César Marrón
Director General
Cardinal Health
/
Expert Contributor

Chaos Management

By César Marrón | Fri, 12/03/2021 - 13:58

Let’s start with the definition of chaos, which means in its purest sense of the word, "Opposite situations of order." We could also say it is everything that is unpredictable, derived from uncertainty and the unplanned.

If I had to define the word “chaos,” I would do it simply: all problems that bring fear. This is the type of situation from which you prefer to flee and which generates distrust regarding how to solve it.

For a leader, chaos, or fear, usually results in a lot of distress. There are two types of fear: rational fear, which is logical and reactive. It is the fear that requires you to make quick decisions, sometimes even by instinct. The other fear is conditioned fear. I could almost say it is imaginary. It is defined as an incongruous situation, but you have it intact in your mind. It's very personal. It is when you know that these actions will generate these problems and, as a result, could turn into chaos. In this case, you avoid taking action for fear of what is going to happen.

In the world of organizations, many leaders say they dedicate much of their time to managing uncertainty and, above all, to what they call chaos management. In the case of some managers, this management of chaos is usually a direct consequence of the chaos of their management. This could be defined as the number of collateral problems that a leader generates when trying to solve others, real or invented, consciously or unconsciously.

Chaotic Leadership

Another aspect of chaos is the style of leadership. A chaotic leader will bring people into a meeting room and shoot down and step on ideas to create confusion and then dissension, forcing people to take sides so he can eventually have his way. He uses differences among people to get things done the way he wants them done.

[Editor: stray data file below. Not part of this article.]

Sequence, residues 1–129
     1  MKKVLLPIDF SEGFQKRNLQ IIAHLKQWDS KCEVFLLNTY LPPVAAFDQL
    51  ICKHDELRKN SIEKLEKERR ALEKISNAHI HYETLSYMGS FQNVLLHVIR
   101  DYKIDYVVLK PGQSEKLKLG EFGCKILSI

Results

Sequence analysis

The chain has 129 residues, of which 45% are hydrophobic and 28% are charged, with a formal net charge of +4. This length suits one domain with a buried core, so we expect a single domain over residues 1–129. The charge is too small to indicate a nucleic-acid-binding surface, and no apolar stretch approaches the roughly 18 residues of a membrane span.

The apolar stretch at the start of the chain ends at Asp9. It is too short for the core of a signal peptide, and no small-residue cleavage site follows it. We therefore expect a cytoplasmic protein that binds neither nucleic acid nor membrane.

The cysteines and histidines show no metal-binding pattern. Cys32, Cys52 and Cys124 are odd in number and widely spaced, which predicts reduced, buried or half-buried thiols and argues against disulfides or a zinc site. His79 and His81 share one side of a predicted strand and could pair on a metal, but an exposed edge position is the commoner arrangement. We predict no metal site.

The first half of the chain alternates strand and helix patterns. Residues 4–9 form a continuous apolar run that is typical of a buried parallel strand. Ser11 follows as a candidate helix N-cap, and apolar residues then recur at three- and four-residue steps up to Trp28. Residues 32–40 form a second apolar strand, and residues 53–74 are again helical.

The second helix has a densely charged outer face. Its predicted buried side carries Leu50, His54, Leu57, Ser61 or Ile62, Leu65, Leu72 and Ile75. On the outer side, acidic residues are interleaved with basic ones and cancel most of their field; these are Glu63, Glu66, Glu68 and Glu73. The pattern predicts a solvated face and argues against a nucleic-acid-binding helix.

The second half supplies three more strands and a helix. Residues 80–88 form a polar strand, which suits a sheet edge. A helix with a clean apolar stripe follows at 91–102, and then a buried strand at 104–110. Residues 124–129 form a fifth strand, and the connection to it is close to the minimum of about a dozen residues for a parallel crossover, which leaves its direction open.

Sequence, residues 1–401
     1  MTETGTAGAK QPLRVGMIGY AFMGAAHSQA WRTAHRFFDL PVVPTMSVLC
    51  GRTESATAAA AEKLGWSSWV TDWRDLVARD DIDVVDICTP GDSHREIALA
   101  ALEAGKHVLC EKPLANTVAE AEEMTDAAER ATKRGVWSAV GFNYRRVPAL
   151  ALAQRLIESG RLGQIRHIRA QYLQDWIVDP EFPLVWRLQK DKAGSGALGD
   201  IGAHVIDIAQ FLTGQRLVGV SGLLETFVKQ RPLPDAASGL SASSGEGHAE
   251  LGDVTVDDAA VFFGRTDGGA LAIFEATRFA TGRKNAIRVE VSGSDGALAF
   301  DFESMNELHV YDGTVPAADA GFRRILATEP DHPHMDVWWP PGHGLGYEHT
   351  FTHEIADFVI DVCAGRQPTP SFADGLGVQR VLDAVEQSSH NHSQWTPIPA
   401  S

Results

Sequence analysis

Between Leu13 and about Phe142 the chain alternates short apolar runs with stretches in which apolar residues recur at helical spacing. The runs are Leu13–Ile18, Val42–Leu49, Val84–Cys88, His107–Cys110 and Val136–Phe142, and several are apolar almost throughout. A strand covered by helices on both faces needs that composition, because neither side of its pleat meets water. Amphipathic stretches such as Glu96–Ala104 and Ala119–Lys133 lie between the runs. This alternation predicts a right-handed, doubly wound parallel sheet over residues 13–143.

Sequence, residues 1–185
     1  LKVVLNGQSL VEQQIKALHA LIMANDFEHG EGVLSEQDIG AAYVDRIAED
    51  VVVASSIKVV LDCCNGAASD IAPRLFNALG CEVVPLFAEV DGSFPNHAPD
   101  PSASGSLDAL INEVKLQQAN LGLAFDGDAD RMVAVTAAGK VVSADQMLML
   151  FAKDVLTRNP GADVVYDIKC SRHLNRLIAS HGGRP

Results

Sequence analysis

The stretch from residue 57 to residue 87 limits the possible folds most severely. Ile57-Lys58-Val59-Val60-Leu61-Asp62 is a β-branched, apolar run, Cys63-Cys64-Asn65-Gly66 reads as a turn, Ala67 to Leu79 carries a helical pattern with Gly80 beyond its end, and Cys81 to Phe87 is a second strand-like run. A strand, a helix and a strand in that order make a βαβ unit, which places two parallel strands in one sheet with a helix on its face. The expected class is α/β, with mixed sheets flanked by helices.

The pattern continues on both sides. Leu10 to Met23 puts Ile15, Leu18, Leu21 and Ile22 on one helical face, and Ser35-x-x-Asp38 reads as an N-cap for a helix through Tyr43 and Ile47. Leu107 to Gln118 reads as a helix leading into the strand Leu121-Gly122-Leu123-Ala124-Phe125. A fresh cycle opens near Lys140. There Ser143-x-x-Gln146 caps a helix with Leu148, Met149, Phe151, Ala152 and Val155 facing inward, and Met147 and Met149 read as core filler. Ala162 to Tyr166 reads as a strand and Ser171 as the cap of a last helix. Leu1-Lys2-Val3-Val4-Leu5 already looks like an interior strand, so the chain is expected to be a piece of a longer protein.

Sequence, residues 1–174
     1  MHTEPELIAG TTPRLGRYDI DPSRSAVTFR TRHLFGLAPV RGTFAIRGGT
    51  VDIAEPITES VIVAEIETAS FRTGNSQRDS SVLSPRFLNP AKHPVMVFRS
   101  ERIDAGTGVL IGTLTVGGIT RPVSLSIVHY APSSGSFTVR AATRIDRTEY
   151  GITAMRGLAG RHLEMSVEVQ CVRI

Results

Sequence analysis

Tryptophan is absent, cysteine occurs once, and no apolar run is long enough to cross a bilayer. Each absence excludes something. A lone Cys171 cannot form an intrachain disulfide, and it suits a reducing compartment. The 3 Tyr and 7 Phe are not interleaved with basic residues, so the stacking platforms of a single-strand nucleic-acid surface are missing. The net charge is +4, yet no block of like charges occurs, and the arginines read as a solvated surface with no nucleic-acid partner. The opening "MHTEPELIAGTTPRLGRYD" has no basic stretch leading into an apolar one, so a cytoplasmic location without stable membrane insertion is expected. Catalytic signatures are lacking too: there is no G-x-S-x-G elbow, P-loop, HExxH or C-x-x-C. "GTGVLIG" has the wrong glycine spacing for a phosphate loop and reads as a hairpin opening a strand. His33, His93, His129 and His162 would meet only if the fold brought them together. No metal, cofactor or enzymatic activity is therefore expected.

I think that chaotic leadership must be a tactic but it is not a long-term strategy. If you use this style wisely, you can spark a turnaround, improve creativity and find different ways to do things when performance is linear or declining overall. But as I said, it should only be used as a tactic for a specific situation that requires “a wake-up call.”

In the same way that an authoritarian or destructive leader needs enemies to carry out his management and ends up finding them, the chaotic leader, deliberately or not, tries to generate chaos to develop the breeding ground in which he usually works.

The mental schemes of the chaotic leader have a lot to do with the fact that, in life, we finally find what we are looking for deep down, or, curiously, what we sometimes try to avoid. In this way, creating a problem to "solve" it later can have the same consequences as trying to anticipate and avoid a problem to ensure that it lasts. The prophecy of an event usually ends in the event of the prophecy.

What are the problems of a chaotic leadership style?

The human and organizational problems that chaotic leadership creates are legion and obvious. Morale plummets. Fear becomes pervasive. Turnover rises. Productivity falls. Eventually, financial results must suffer. One of the fundamental principles of chaos theory is the butterfly effect.

What is Chaos Theory?

Chaos is the science of surprises, of the nonlinear and the unpredictable. It teaches us to expect the unexpected. While most traditional science deals with supposedly predictable phenomena like gravity, electricity, or chemical reactions, chaos theory deals with nonlinear things that are effectively impossible to predict or control, like turbulence, weather, the stock market, our brain states, and so on. These phenomena are often described by fractal mathematics, which captures the infinite complexity of nature. Many natural objects exhibit fractal properties, including landscapes, rivers, clouds, trees and organs, and many of the systems in which we live exhibit complex, chaotic behavior. Recognizing the chaotic, fractal nature of our world can give us new insight, power, and wisdom.